OK, so here’s what we’re going to talk about this evening. We’re going to start by just asking this question that you’ve probably all asked yourself before, but maybe not out loud. Why do we use APA? What is the point of APA? We’re going to start by talking about that. Then we’re going to look at the different parts of a reference list entry in APA. 
After that, we’re going to take a look at citations both the in-text citations and parenthetical citations– so the way that you give credit to sources in your paper. 
APA Citations Part 1: Methods to the Madness 

And then we’re going to do some practicing, taking information out of references and turning it into citations. 
And then, as I said, we will have time at the end for some questions. And I’m going to stop in the middle of the presentation for questions as well just in case there’s anything that people maybe would forget about before the end of the presentation.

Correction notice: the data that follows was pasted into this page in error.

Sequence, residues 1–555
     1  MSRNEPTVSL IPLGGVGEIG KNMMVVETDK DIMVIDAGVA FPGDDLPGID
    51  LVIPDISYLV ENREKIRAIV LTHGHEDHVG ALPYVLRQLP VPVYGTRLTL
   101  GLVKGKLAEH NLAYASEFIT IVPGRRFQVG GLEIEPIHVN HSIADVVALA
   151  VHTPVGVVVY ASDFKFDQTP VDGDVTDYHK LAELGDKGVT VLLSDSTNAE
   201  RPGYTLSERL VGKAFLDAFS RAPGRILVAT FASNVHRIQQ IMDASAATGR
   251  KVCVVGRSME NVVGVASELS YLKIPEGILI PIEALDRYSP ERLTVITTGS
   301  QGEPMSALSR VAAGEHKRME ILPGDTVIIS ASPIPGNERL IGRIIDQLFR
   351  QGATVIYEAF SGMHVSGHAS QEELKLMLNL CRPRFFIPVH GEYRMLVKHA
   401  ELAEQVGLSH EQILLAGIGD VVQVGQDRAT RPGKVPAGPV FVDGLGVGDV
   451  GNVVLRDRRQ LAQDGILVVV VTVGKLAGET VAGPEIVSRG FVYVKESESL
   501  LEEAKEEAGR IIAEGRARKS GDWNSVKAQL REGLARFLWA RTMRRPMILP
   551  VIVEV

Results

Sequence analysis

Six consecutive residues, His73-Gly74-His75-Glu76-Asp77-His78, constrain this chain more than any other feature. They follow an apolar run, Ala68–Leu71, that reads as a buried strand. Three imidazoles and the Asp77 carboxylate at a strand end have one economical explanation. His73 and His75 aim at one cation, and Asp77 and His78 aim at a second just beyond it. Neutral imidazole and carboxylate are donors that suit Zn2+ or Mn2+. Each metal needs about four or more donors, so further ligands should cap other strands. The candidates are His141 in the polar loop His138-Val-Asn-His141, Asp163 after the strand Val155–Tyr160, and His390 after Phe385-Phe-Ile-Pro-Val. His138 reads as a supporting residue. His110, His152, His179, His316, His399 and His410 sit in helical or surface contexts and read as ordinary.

So here’s this question– what’s the point of APA? And, again, I have a feeling that many of you have asked yourselves this question, but maybe you haven’t felt comfortable asking your instructor or writing center staff. It’s a valid question. Why are we using all these rules about formatting, about citations, about references? Why does it matter? And what’s it useful for? 
We all like to know why rules exist and what the point of those rules is. So the very first reason that we use as a formatting style for scholarly work and at Walden is because it helps your readers focus on your ideas and not formatting errors. So it’s basically a way to get rid of all of that noise that might distract your reader from the most important thing that you want to communicate to them, which is your ideas.